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CSE 401N:Computer Network

CSE 401N:Computer Network

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CSE 401N:Computer Network

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  1. CSE 401N:Computer Network LECTURE-14 MULTICAST ROUTING

  2. Chapter 4 roadmap 4.1 Introduction and Network Service Models 4.2 Routing Principles 4.3 Hierarchical Routing 4.4 The Internet (IP) Protocol 4.5 Routing in the Internet 4.6 What’s Inside a Router? 4.7 IPv6 4.8 Multicast Routing 4.9 Mobility

  3. Multicast: act of sending a datagram to multiple receivers with single “transmit” operation Question: how to achieve multicast Multicast via unicast • source sends N unicast datagrams, one addressed to each of N receivers routers forward unicast datagrams multicast receiver (red) not a multicast receiver (grey) Multicast: one sender to many receivers

  4. Question: how to achieve multicast Multicast: one sender to many receivers Application-layer multicast • receivers involved in multicast copy and forward unicast datagrams among themselves

  5. Question: how to achieve multicast Multicast: one sender to many receivers Network multicast • Router actively participate in multicast, making copies of packets as needed and forwarding towards multicast receivers • Only a single copy of a datagram will ever traverse a link Multicast routers (red) duplicate and forward multicast datagrams

  6. Multicast Groups How to identify the receivers of a multicast datagram? • Let datagram carry the IP addresses of all the recipients • Only workable with a small number of recipients • Sender needs to know the addresses of all receivers • Not a good solution! • Internet solution: use multicast group • A multicast group identifies a set of receivers and has a single identifier • Packet sent to a multicast group are received by all members in the group

  7. Internet Multicast Service Model • Multicast group in the Internet has its own Class D multicast address • IP addresses to reserved for multicast (IP addresses begin with 1110) multicast group

  8. Internet Multicast Service Model • Host group semantics: • anyone can join/leave a multicast group • anyone can send to a multicast group • no network-layer identification of hosts that have joined a multicast group • Questions to answer: • How are hosts join/leave a group? A: Internet Group Management Protocol (IGMP) • How do the routers deliver a multicast datagram to all group members? A: multicast routing protocols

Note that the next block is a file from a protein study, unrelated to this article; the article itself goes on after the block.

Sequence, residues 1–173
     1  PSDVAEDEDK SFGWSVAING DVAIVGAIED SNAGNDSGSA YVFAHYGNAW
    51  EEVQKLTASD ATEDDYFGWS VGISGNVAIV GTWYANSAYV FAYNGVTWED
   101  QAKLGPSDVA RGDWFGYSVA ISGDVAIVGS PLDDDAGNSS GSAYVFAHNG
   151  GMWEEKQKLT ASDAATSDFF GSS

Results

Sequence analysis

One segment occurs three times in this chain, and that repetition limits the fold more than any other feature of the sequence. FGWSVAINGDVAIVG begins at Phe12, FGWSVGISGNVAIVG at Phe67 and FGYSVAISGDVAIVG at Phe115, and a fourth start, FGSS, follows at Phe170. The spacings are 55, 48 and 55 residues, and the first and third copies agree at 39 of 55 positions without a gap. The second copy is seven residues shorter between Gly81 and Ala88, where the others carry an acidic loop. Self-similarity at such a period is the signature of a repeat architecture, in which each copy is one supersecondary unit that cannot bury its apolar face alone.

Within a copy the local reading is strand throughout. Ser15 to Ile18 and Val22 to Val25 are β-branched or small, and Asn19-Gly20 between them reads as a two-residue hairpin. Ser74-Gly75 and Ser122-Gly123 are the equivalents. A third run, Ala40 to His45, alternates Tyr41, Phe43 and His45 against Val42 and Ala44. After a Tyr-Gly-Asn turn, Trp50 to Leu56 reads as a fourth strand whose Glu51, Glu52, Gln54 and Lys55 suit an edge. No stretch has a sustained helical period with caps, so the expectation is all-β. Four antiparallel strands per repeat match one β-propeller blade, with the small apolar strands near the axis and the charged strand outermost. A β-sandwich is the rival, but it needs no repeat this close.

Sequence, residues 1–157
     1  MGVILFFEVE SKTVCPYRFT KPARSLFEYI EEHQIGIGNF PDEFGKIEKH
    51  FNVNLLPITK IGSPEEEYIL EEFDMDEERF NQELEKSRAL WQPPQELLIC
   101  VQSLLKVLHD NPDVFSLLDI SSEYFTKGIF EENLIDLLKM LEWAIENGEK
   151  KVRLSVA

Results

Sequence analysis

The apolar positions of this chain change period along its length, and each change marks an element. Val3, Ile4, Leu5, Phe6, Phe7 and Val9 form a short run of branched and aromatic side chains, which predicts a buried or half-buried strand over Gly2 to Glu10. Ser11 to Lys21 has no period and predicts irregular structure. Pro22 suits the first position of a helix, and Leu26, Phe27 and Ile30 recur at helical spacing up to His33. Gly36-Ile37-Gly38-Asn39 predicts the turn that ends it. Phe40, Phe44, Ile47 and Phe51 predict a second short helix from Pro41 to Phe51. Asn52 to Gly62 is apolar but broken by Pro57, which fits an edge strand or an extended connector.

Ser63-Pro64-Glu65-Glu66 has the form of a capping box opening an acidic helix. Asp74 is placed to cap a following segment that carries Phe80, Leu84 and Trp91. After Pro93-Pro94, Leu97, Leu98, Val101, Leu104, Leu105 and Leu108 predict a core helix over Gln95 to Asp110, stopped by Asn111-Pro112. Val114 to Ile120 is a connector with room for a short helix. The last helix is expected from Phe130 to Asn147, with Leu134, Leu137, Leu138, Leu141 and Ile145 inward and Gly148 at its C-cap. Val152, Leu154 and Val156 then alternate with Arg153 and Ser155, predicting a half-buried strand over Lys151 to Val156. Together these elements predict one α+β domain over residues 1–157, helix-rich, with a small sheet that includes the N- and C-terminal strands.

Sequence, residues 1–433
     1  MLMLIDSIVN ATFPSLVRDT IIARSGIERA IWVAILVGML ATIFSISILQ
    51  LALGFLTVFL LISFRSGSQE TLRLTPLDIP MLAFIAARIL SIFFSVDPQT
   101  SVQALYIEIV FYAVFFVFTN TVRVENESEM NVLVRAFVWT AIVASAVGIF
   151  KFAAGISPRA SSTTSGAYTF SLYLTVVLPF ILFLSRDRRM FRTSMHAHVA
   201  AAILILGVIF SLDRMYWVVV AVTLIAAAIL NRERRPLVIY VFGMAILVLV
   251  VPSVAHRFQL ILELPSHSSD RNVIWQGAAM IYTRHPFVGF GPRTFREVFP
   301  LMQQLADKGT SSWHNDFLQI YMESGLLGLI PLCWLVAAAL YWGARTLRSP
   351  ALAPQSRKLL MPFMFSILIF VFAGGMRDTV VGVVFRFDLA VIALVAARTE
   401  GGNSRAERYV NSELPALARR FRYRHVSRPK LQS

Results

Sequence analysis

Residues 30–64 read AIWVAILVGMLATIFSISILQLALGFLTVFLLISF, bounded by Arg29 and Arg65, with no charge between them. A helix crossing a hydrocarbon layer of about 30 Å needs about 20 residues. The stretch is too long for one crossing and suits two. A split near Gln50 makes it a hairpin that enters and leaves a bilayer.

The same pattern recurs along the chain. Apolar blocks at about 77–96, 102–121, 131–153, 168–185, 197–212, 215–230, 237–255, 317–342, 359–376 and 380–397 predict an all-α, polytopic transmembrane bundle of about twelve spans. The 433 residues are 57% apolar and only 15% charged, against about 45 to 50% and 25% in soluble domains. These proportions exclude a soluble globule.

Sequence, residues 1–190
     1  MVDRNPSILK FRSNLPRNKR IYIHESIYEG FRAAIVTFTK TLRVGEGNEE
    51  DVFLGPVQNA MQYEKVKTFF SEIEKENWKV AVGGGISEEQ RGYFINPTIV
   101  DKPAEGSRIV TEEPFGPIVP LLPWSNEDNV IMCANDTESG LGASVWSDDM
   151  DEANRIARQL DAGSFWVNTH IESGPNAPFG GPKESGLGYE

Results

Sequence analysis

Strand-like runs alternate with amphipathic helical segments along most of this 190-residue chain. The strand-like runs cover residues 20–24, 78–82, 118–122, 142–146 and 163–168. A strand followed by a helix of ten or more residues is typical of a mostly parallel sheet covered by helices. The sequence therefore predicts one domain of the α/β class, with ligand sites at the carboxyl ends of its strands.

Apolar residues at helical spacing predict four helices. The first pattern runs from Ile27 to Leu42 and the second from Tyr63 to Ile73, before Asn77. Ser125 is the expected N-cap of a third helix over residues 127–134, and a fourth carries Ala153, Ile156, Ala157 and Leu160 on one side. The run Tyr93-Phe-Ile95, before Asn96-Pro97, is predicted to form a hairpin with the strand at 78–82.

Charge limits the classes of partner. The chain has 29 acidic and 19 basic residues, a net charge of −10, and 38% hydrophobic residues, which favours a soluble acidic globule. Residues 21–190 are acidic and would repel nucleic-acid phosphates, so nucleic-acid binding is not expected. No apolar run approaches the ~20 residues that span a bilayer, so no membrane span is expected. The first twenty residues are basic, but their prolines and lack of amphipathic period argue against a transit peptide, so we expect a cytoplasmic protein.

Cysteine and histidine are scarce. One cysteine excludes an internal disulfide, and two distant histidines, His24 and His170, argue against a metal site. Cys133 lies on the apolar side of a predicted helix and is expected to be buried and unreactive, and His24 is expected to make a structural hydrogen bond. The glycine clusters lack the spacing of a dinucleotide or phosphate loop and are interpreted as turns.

9. IP multicasting: two-step process • local: host informs local router of desire to join a multicast group: IGMP • wide area: local router interacts with other routers to receive multicast datagrams • many multicast routing protocols (e.g., DVMRP, MOSPF, PIM) IGMP IGMP wide-area multicast routing IGMP

  10. Internet Group Management Protocol (IGMP) • RFC 2236 • Operate between a host and its directly attached router • Provide the means for: • A host to inform its attached router that it wants to join/leave a multicast group • A router to detect if a LAN has any members for a particular multicast group

  11. IGMP Messages Three message types: membership query, membership report, leave group • General membership query • Sent by a router to all nodes on the LAN • Query multicast groups joined by attached hosts • Multicast group address field set to 0 • Specific membership query • Sent by a router to all nodes on the LAN • Query if a specific multicast group is joined by attached hosts • Multicast group address field set to the multicast group address being queried Max. Resp. Time Type Checksum Multicast group address

  12. IGMP Messages (cont’d) • Membership report message • Sent by host to all nodes on the LAN in response to a membership query message or when first joins a multicast group • Contains the address of a group the host has joined • A router only cares about whether one or more hosts belong to a given group want to hear from only one of the hosts that belongs to each group • Each membership query message includes a “maximum response time” field • A host waits a random time between 0 and maximum response time before sending a membership report message • Feedback suppression: if the host observes a membership report message from some other host for the multicast group, discard its own pending membership report message